The Long Version:
|A view of the road leading up to the Lick Observatory|
Yeah, that was a short lived feeling as a few miles later (~55 miles into the ride) I flatted. No problem, I brought two tubes and two CO2 cartridges. First tube would not hold air, it was DOA with air leaking right out of the base of the valve stem. Ruh-roh! I took care with the next tube and was relieved that it was holding air. I was a bit stressed about falling back again so I guess I tried too quickly to get the tube set up. Within two minutes, it was flat (most likely pinched during my rush job). There I was, no more air, no pump. Thank God I was wearing my comfy mtb shoes. I walked ~5 miles until I reached the Junction (bar/restaurant/store in the middle of BFE). Thought a few times how if I would have joined the other ride, I would have been done by now! Only three vehicles passed me. A two seater convertible, a sherrif SUV and a Ford Truck. No one stopped, even though I tried to wave them down. I was now 25 miles from the end of the ride and no one at the Junction was heading to Patterson, so I waited, and waited for Kane (my ride) to realize I never made it back...and eventually he did return and get me. Dang, that was one long day.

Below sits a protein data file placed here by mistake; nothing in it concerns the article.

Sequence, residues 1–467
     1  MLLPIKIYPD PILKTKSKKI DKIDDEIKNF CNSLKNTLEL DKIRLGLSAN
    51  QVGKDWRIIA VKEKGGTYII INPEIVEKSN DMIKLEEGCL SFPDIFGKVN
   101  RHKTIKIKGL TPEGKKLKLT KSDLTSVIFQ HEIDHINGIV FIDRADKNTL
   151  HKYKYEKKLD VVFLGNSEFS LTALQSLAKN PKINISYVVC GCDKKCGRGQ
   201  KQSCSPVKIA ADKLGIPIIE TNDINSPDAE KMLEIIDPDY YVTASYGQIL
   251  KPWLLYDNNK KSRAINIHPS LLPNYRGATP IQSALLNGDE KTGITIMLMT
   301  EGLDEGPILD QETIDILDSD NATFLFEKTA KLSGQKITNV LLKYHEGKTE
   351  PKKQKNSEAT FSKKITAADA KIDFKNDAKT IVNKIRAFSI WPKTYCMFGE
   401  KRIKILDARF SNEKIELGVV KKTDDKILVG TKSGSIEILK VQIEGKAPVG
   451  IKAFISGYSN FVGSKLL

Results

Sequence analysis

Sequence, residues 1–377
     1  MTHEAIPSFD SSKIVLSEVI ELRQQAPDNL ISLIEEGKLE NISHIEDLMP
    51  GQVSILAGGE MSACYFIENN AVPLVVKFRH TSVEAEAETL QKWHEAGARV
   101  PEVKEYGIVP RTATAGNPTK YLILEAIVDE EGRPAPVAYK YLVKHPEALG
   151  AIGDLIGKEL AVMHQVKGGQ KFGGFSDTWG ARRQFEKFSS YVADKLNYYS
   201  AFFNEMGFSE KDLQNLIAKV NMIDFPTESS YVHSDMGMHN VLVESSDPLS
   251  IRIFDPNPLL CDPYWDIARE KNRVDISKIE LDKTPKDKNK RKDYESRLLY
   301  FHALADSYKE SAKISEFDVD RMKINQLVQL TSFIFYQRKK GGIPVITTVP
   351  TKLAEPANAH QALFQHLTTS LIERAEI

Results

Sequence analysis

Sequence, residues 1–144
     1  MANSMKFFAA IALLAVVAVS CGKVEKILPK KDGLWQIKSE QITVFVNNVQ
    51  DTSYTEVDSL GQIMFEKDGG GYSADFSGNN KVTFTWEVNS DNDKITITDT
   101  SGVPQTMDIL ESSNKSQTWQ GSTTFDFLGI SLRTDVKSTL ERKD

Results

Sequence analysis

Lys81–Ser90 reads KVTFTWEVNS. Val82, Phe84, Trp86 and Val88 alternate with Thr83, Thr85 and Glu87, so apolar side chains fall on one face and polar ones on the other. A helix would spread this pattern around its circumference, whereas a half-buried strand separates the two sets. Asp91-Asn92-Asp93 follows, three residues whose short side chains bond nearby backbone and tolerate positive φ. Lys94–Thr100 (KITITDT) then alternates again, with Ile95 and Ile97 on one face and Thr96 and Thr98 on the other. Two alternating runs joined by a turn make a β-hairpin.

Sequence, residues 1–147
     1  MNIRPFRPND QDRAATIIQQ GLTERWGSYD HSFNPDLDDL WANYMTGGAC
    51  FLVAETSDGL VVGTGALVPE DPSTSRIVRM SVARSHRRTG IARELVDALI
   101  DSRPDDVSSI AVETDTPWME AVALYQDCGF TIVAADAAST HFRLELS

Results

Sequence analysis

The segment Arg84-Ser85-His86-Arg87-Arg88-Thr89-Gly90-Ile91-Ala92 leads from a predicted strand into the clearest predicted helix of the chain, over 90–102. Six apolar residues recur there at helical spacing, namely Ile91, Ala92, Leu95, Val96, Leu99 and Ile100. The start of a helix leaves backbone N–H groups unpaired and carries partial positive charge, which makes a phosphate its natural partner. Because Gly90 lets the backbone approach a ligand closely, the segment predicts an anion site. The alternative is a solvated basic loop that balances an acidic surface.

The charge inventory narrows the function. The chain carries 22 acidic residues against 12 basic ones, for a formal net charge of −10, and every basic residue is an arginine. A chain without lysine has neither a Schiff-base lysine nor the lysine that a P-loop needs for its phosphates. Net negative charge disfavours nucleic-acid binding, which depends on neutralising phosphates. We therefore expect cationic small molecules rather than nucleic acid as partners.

Three Important Lesson(s) learned:
1. Use your hands to roll the tire on to the wheel. Using the tool you are likely to pinch the tube.
2. Carry a pump! It is already strapped to my bike and ready for the next flat.
3. Stick to the mtb for long tough rides. The road bike is for recovery or fun, scenic rides.
Meh, who am I kidding, I would so do that ride again!The climb was awesome and the views breathtaking (or is it the other way around?).